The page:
Dealing with predators: Vigilance and alarm calling in primates

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Phoebe Raff


primates, predators, vigilance, alarm calling, social monitoring, aggregation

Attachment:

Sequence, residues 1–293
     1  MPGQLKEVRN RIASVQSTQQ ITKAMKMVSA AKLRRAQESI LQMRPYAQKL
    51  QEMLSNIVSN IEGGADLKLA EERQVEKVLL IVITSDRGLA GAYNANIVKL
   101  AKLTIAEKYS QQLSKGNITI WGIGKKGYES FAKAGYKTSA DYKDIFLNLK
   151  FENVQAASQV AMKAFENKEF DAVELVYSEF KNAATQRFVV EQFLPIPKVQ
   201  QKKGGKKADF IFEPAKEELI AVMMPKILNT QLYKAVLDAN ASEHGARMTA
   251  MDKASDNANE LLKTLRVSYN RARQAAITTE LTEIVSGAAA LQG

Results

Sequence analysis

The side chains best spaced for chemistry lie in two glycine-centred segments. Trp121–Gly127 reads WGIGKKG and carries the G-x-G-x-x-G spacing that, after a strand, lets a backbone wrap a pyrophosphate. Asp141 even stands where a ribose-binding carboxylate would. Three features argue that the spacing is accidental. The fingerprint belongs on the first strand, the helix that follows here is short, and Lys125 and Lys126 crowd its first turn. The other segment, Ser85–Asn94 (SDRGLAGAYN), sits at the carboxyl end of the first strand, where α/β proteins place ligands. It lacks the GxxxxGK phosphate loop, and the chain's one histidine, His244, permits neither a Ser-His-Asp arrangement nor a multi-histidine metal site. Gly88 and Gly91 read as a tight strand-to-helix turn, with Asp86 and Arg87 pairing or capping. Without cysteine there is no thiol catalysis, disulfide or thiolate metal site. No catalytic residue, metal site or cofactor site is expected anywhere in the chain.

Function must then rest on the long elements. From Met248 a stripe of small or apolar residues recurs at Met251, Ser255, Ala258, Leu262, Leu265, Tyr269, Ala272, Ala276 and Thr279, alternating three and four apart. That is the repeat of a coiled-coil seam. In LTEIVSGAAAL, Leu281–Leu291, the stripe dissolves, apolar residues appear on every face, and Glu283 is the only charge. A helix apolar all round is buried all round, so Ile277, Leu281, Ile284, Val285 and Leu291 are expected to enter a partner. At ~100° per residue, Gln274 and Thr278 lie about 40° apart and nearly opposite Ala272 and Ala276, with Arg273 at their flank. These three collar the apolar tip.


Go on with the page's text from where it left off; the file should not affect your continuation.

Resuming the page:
Predation is considered one of the most important selective pressures on animals. Evidence of predation on primates is particularly rare; however, it is thought that it has been a major selective force for many species in the primate order. This can be seen through the occurrence and application of vigilance and alarm calling in many primate species. Studies of vigilance have shown that animals have a tendency to decrease individual vigilance as group size increases. However, it has been found that primates do not fit this model, and either maintain or increase their individual vigilance as group size increases. A likely reason for the maintenance of individual vigilance is that primates utilise this behaviour as both a form of antipredation behaviour and social monitoring; thus it largely depends on the social structure of the species and the environmental conditions of the ecosystem being occupied by a primate group. Another antipredator behaviour that occurs in primates is alarm calling, which may be to deter predators. The studies presented here show that primates have the ability to distinguish between predators, between and within predator classes and also predator hunting styles. It is believed that the development of these behaviours in the primate order shows that these animals have evolved in environments where predation is a threat. 

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